US election day: Biden vows to ‘restore decency’ to White House during home town stop – live | US news


There was a line of voters wrapping around a city block at the Kimmel Center in Center City, Philadelphia shortly after the polls opened at 7 a.m. on Tuesday.

The wait didn’t seem to bother at least some people in line, who said they intentionally chose to cast their ballots in person to ensure it was counted.

“Every time I’ve mailed something with the post office, there’s been delays and I figured I really don’t mind standing out and waiting and voting in person,” said John Tareila, who got in line just before the polls opened at 7.

Aryeh Younger and his wife got in line to vote around 7:30, when it already stretched down an entire city block. Even though there has been a big push to get people to vote early and by mail, he said he was concerned his vote could go uncounted if he voted that way.

“We were reading a number of articles stating that the president and some of his allies are attempting to undermine the early votes, mail in votes. As a result of that, we’re interested in voting in person on election day. We think that has the least odds of being contested,” he said. “I think there’s also somewhat of an American tradition to vote on election day itself.”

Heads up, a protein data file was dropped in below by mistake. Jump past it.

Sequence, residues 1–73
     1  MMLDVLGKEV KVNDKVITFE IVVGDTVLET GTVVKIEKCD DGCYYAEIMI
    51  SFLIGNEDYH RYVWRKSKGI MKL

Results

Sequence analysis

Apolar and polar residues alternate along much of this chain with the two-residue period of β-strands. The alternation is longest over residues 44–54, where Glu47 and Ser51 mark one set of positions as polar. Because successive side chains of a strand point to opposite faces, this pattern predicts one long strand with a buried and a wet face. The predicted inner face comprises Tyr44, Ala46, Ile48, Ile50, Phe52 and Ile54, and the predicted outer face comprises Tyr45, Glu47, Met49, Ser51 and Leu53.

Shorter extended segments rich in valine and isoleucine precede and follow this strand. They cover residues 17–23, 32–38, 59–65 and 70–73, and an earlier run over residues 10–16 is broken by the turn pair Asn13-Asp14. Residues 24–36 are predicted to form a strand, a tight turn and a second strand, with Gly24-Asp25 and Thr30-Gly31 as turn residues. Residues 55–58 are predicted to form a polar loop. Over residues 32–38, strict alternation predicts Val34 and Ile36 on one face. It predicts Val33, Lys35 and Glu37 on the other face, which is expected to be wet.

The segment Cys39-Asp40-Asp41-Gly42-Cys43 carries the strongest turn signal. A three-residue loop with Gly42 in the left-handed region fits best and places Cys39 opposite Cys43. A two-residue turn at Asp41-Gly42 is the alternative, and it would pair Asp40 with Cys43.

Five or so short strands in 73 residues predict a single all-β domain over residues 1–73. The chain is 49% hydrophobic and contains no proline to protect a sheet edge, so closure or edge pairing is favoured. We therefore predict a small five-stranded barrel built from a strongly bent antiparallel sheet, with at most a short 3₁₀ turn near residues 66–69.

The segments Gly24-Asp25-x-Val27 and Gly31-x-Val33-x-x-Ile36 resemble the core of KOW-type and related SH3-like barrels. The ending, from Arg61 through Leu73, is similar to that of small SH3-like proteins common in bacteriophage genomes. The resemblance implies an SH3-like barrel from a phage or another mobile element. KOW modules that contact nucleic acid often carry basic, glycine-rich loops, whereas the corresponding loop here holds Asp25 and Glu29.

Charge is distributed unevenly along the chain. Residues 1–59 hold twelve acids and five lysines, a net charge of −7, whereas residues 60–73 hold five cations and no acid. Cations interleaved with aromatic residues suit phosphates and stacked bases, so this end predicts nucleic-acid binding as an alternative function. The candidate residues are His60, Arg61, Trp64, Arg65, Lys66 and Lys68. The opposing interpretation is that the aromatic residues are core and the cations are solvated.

Sam Levine

There’s a line wrapping around the block to vote at the Kimmel Center in Philadelphia. Voters I talked to all said they wanted to vote in person to make sure their vote counted.

November 3, 2020

As people waited in line at the Kimmel center, election workers passed out hand sanitizer and confirmed that the people in line had not also requested a mail in ballot. There was also a cardboard cutout of Joe Biden and Kamala Harris where voters could take free selfies.

Some people said they wanted the experience of showing up at the polls on election day to cast their ballots.

“It’s a little invigorating. I know that sounds crazy to stand in a line in the freezing cold,” said Lauren Killian. She added that she was concerned about how long it would take to count all of the ballots in Pennsylvania.

“I am worried about how long it’s going to take to figure out how long the president is. Or even when something is figured out either way, is it going to be invalidated? Are people not going to believe it? Is it going to cause riots or whatnot. That’s what I’m more worried about.”

Davina Roberts was also waiting in line to cast her first vote in a presidential election. While Donald Trump has zeroed in on Philadelphia as a place to monitor votes, Roberts said she didn’t think Philadelphians would be deterred.

“Most people who are voting on election day are pretty set. We know that there’s a job to be done. If you’re here to intimidate you’re kind of just wasting your time,” she said.

Sam Levine in Philadelphia

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